As much as coming to this cafe was about coffee for me, it was also about escape. Actually, if we’re being honest, it was mostly about escape. My county and Perry County had just “gone green” in the medical terminology, so that meant that coffeehouses could start to open again. Open up the way they used to I mean; the way they should be. ‘Open’ was something that I was specifically looking for, and figured that if I could find an extra dose of freedom, it would be in the deep, forest-covered mountains to the northwest of my hometown.
If there’s one thing that the town of New Bloomfield is, it’s open, in a way that goes beyond colors and statutes. It’s one of those old fashioned American towns, with statues, colonnaded balconies, and waving flags. Clean air and ready conversation abound. Perry County Cafe itself is one of those locales that quietly screams to travelers that it’s a center of the community. There are some places where you can just tell that people congregate, and this little coffee shop is one of them. It doesn’t hurt that it’s smack dab in the town center, where a roundabout shuffles a surprising amount of traffic east, west, and south.
The owner is an ultra-cool person named Rita Metcalf. No, I’m saying that because I’m shilling for her, hell I didn’t even know her before the day I rounded the corner into the shop. She was only the third owner in all these years who actually came out to welcome me personally. Says a lot about her, the town, and the kind of place that Perry County Cafe seems to be. It’s not a ‘best kept secret’ or a cliquey art enclave. Some perfectly awesome places are, but this establishment is far more active.
The coffee itself is certainly a good thing, and more than that it was actually inventive in the style of blend that was used. The roast I had was Red Diamond High Altitude Papua New Guinea. It’s a medium roast The truth is, I’d already had coffee in the morning before coming up here (I couldn’t risk falling asleep on the road could I?) but I was slurping this down the whole way home and had to stop myself lest I make myself sick. I don’t think I’d have gotten sick though; for a medium blend it was quite mild. It also struck me as balanced; often milder coffees seem to have a citrus taste (from being under-extracted, usually in the brewing process, or from being brewed too hot) or a bitter taste (from the opposite being true). The fact that a medium roast was neither means someone has strong experience in brewing. The exact blend seems to be proprietary, but I’ll update if I figure the concoction out.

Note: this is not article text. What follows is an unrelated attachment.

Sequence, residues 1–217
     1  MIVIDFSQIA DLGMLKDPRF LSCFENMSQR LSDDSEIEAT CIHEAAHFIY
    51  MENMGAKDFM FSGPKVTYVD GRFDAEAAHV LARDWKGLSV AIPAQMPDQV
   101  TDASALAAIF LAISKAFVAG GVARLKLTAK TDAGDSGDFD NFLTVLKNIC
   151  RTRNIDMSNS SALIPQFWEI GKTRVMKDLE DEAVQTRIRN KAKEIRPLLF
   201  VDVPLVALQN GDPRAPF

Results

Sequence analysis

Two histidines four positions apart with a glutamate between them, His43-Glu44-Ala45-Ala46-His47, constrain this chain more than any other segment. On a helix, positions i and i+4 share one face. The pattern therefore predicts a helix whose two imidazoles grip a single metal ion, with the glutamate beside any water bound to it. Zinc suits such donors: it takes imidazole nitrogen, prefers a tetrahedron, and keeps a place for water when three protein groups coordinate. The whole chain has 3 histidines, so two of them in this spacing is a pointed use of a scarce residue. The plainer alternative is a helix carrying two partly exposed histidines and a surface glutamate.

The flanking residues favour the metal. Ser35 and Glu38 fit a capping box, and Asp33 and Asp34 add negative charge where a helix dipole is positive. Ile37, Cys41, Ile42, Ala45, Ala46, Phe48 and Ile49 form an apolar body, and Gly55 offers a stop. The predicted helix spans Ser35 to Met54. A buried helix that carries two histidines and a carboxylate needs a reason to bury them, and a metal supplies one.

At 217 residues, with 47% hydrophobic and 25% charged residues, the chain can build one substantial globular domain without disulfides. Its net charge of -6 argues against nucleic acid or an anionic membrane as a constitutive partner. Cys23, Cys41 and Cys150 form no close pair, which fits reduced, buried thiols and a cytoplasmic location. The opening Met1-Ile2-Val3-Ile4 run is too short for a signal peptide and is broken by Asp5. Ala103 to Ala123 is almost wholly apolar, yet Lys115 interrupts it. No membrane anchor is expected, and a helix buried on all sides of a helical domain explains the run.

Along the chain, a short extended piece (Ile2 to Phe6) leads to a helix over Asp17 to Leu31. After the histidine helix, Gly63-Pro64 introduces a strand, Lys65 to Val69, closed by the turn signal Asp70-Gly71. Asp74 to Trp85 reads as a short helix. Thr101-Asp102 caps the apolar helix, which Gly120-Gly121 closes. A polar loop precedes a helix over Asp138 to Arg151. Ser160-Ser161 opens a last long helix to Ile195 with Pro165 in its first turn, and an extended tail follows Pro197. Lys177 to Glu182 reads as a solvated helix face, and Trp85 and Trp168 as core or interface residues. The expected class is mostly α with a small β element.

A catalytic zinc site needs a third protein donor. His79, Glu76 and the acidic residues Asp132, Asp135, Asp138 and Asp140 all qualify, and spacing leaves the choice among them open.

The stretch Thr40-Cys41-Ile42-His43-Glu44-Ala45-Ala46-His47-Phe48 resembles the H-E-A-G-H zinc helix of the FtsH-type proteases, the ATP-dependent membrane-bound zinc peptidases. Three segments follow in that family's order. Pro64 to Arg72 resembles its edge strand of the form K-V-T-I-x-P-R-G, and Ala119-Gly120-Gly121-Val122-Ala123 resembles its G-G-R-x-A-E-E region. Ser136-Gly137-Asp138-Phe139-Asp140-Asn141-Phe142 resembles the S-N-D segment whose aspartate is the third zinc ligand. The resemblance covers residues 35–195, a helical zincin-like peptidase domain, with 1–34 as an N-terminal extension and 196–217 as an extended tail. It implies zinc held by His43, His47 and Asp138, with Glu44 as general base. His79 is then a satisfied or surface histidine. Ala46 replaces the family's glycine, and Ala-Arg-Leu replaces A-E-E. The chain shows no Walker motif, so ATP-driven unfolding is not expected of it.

I’ll be coming back to New Bloomfield again, and soon if I can. It’s a good jumping-off point if you’re traveling west of the big cities of Pennsylvania and up into the Appalachians. I intend to do a lot of that in the near future. It’s a region that I’ve been neglecting, mostly because when I started this blog there simply weren’t many independent coffeehouses in the middle of Pennsylvania. The ‘scene’ as it were has traditionally stuck to the college towns near Philly. In fact, Perry County Cafe has been open only since August of last year. Turns out I’ve been missing a lot by not heading for the hills! Until next time, stay caffeinated.